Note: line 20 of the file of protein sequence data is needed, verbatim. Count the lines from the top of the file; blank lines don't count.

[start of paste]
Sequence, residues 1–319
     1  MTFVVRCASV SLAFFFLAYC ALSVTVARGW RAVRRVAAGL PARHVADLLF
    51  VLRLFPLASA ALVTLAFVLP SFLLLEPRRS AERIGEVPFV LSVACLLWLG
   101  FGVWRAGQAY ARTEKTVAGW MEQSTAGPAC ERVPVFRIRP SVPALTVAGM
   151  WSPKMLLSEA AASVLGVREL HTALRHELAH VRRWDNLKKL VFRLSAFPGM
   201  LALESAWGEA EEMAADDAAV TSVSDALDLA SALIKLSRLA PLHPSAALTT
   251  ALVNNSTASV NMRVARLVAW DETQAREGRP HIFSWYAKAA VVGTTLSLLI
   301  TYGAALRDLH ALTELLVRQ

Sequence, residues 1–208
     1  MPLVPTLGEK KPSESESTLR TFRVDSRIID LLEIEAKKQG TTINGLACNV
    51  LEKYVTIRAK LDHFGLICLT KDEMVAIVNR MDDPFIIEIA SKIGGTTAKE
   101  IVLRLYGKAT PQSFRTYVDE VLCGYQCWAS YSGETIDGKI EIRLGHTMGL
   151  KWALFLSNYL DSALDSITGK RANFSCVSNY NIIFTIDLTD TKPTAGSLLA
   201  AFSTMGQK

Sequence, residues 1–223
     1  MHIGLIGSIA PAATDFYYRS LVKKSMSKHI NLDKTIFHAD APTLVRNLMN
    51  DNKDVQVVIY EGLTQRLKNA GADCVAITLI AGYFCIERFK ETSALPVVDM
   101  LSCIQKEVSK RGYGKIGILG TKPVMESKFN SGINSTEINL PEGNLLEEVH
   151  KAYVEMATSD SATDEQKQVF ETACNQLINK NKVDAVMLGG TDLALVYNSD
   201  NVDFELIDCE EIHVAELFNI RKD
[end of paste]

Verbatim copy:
   201  NVDFELIDCE EIHVAELFNI RKD